Hunan Silicosis Workers' 9-Year Pledge for Justice Families' Protests in Shenzhen Met with Police Brutality

On 6 November 2018, over 100 silicosis victims and their family members from Hunan Province protested at the Shenzhen Social Security Bureau in Shenzhen Human Resource Park. They hoped the Shenzhen Government to assist them in settling the compensation issue but the authority refused their demands and triggered more victims and their families joining the protest. This pledge for justice has been going on for 9 years and the end is still yet to be seen.

 

The protesters came originally from Hunan Province, worked as pneumatic drillers in construction sites in Shenzhen under miserable conditions. After some years in Shenzhen, they returned to their hometown because they fell ill. In Hunan, they were diagnosed with Silicosis, which is an occupational disease. Some of them knew about the illness too late, were already in Stage 3 of the sickness or even passed away. Some families are in debts due to the formidable medical expenses. After realizing their employers never paid for their labour insurance and they did not have written employment contracts, they could neither obtain occupational disease identification, nor apply for compensation, they started to approach the Shenzhen Government for help. Between 2009 and September 2018, they have come to Shenzhen six times, demanding medical treatment and compensation for their families from the Shenzhen Government.

In September 2018, some 200 workers came to Shenzhen and the government promised to handle the compensation issues of 227 workers who had kept their employment records, also to assist workers who could not provide their labour relations as appropriate. On 6 November, over 100 workers visited the Shenzhen Government to demand a concrete proposal. The government failed to deliver its promise, causing more workers and their families to travel from Hunan Province to fight for their rights. As a result, many of them stayed overnight in the office of Shenzhen Social Security Bureau in Shenzhen Human Resource Park.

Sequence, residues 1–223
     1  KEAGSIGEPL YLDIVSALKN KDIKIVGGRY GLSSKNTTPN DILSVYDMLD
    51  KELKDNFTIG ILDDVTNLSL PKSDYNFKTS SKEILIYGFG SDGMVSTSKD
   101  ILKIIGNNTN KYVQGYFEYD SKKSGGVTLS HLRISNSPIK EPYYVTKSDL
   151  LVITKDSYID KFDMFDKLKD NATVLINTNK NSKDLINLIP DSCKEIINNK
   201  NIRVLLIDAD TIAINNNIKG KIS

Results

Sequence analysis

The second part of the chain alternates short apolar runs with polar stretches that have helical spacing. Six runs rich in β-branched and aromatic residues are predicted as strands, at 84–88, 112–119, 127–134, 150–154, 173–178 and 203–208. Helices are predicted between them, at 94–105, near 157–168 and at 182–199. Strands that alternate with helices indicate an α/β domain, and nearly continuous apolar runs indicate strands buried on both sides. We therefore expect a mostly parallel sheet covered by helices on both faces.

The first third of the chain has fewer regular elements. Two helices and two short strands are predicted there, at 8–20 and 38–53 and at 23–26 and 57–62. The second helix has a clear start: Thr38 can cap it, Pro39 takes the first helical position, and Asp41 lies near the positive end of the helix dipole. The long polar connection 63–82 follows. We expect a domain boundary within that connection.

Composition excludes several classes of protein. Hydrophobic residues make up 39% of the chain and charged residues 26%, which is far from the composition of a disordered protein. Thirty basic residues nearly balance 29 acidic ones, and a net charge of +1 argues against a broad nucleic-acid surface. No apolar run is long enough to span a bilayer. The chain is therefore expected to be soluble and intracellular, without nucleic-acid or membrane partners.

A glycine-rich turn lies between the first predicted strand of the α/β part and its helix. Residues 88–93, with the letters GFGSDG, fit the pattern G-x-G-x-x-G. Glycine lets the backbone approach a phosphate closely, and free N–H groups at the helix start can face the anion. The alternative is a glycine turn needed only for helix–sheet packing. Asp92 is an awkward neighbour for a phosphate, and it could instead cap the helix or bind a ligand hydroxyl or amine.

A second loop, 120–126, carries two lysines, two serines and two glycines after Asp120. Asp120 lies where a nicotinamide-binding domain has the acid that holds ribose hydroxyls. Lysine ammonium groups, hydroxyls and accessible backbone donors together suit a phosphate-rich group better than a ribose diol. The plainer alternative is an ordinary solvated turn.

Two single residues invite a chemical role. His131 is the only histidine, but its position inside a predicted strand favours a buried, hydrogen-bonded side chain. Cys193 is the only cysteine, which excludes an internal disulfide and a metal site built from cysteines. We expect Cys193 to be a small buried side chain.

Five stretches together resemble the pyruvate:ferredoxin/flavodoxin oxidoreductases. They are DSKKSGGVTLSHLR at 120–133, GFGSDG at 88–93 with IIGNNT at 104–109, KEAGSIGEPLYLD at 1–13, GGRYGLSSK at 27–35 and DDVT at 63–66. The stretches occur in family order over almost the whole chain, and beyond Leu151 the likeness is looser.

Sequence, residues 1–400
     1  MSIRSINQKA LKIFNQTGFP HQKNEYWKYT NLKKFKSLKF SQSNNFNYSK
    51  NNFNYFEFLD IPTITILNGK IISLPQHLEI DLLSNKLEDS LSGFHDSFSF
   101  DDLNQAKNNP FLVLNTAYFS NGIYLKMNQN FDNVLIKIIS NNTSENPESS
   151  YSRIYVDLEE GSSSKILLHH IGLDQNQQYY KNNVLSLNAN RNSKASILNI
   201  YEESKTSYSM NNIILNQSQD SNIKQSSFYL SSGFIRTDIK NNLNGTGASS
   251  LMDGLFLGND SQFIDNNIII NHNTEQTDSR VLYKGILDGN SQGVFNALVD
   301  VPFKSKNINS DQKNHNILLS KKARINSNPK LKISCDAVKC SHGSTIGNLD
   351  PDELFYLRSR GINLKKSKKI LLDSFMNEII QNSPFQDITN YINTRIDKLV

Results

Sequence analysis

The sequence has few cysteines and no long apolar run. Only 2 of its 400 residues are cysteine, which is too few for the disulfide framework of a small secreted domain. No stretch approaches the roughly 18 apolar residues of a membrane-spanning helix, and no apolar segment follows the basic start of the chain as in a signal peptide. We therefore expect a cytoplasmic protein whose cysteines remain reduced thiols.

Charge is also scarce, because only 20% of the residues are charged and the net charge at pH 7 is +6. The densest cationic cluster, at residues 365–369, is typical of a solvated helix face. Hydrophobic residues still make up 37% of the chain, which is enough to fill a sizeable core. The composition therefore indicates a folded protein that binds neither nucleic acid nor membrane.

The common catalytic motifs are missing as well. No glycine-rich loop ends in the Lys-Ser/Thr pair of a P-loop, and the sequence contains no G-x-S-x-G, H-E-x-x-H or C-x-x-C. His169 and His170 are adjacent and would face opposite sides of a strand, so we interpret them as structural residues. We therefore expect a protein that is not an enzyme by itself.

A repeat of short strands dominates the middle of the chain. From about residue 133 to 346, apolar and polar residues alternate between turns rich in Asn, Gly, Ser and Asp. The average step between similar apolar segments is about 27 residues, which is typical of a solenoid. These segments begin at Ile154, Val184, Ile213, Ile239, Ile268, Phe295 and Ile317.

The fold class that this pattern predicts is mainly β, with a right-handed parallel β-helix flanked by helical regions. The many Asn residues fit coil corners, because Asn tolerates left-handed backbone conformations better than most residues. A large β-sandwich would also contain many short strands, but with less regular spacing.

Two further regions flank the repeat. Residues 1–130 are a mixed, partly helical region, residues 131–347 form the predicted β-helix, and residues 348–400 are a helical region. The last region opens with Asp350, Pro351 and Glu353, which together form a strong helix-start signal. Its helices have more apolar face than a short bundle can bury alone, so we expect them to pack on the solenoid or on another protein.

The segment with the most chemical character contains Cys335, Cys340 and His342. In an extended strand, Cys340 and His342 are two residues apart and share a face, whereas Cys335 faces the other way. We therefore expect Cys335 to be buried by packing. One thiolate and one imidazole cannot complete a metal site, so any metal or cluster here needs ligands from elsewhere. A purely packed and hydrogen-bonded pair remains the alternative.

The next day, some 300 protesters marched from Shenzhen Human Resource Park to the City Government and demanded to negotiate. In the same evening, the police attacked them with violence, tear gas and pepper spray. Many workers were injured or felt sick and were taken to hospital. These workers suffer from silicosis and have very weak respiratory system, attacking them with  pepper spray and tear gas is seriously endangering their lives. Thus, some dozens of workers attempted to commit suicide by jumping from a tall building, forcing the authority to agree to negotiate with them.

At the negotiation, workers proposed that regardless the status of labour relations, victims should be compensated in accordance with the severity of illness. The authority refused this proposal and offered a fixed package: 200,000 Yuan to each deceased victim’s family, 120,000 Yuan, 170,000 Yuan or 220,000 Yuan to victims who cannot prove their labour relations, depending on the severity of their illness. Workers rejected this proposal, considering such a compensation scheme is an insult to their lives.

 

On 13 November, they encountered another crackdown. All protesters were removed from Shenzhen Human Resource Park, taken onto a coach and sent away. Officers of Shenzhen City Government distributed 2,000 Yuan of living allowance and 2,000 Yuan of medical allowance to the each victim/ family member during the ride. They promised to come up with a new compensation scheme within a month. Workers are still waiting for it before they could plan further actions.

This 9-year pledge shows that migrant workers are entirely excluded from the labour protection, and how the Shenzhen Government and their employers refused to act responsibly. Workers who sacrificed their youth and even their lives to build the modern Shenzhen are left without proper compensation and support. The Shenzhen Government has an inevitable responsibility to protect these workers and victims' families, by taking care of their medical and living expenses. Furthermore, it should hold the employers accountable for their inadequate occupational safety measures, which led to the occupational disease.